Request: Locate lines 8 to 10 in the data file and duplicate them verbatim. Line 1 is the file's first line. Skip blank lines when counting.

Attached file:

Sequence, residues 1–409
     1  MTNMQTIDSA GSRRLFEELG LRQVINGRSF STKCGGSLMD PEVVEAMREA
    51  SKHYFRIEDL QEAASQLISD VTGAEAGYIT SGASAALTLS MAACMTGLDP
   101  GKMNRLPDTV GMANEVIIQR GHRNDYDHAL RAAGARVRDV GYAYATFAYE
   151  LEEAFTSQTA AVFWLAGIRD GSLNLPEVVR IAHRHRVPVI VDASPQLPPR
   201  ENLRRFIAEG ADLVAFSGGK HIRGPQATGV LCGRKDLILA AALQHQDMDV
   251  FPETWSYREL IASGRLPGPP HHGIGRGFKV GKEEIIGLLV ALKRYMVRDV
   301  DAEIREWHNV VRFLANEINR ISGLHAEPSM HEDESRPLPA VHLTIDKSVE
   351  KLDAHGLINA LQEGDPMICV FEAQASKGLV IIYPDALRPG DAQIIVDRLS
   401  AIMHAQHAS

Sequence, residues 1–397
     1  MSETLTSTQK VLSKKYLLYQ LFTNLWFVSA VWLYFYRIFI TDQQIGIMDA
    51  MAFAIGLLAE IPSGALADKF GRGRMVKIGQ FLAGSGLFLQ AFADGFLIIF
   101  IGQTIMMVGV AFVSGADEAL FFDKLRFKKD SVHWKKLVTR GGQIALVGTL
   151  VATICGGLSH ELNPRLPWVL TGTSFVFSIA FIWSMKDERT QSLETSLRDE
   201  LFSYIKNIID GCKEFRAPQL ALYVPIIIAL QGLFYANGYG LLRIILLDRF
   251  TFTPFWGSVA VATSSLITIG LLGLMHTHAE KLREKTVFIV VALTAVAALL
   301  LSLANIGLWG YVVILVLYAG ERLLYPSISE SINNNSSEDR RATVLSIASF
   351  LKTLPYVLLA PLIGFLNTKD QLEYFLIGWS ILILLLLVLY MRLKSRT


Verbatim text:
   301  DAEIREWHNV VRFLANEINR ISGLHAEPSM HEDESRPLPA VHLTIDKSVE
   351  KLDAHGLINA LQEGDPMICV FEAQASKGLV IIYPDALRPG DAQIIVDRLS
   401  AIMHAQHAS